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J Interferon Cytokine Res. 2005 Jan;25(1):1-10.

The AU-rich transcriptome: more than interferons and cytokines, and its role in disease.

Author information

1
Department of Biological and Medical Research, King Faisal Specialist Hospital and Research Center, Riyadh 11211, Saudi Arabia. Khabar@kfshrc.edu.sa

Abstract

The AU-rich elements (AREs) are among the predominant cis-acting factors that exist primarily in the 3' untranslated region (3'-UTR) of messenger RNAs (mRNAs) and regulate mRNA stability. AREs were previously believed to be restricted to relatively few mRNAs, including those of interferons (IFNs) and cytokines, growth factors, and proto-oncogenes. Our recent analysis, however, showed that ARE mRNAs represent as much as 8% of mRNAs transcribed from human genes that encode functionally diverse proteins important in many transient biologic processes. Among those processes are cell growth and differentiation, immune responses, signal transduction, transcriptional and translational control, hematopoiesis, apoptosis, nutrient transport, and metabolism. Several recent studies examined signaling pathways that regulate ARE-mediated mRNA stability, notably the p38 mitogen-activated protein kinase (MAPK) pathway. In addition, several AU-rich binding proteins that regulate the ARE mRNA pathways have been characterized. Dysregulation of regulatory signaling pathways and regulatory proteins affecting ARE mRNA stability can lead to abnormalities in many critical cellular processes and to specific disease conditions. Thus, the heterogeneity in AREs, their signaling pathways, and effector proteins contribute to the functional diversity of the ARE gene family, which encompasses more than IFNs and cytokines.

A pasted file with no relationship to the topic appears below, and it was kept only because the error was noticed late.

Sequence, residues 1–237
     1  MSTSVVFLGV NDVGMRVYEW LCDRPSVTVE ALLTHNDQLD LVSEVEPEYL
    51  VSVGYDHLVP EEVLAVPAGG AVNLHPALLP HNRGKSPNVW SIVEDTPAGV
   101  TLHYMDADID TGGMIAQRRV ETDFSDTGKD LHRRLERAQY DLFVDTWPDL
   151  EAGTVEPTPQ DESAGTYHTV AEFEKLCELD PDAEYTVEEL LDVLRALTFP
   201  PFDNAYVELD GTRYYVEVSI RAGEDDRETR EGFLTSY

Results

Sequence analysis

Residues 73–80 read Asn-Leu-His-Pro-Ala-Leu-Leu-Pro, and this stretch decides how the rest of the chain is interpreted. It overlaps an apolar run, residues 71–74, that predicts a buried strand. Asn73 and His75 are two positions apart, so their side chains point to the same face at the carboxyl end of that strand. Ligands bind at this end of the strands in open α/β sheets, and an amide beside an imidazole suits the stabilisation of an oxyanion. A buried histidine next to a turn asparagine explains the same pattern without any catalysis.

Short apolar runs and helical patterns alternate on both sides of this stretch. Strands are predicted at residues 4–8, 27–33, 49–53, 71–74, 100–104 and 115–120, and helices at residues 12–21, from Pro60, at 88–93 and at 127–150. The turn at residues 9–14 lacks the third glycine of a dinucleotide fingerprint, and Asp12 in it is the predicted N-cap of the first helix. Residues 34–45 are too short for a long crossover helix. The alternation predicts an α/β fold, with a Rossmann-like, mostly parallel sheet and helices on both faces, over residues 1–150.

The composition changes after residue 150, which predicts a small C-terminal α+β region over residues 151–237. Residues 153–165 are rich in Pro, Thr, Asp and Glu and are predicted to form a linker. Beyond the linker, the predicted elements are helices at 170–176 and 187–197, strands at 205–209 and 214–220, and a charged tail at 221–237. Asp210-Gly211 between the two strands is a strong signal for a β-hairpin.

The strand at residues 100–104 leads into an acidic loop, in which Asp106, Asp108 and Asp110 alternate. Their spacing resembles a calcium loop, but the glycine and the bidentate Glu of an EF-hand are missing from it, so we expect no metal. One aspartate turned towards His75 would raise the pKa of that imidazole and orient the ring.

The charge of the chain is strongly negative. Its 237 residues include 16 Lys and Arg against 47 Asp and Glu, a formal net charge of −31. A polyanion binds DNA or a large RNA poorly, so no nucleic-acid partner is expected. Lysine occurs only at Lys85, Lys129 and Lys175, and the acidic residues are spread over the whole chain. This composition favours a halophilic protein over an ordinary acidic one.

PMID:
15684617
DOI:
10.1089/jir.2005.25.1
[Indexed for MEDLINE]

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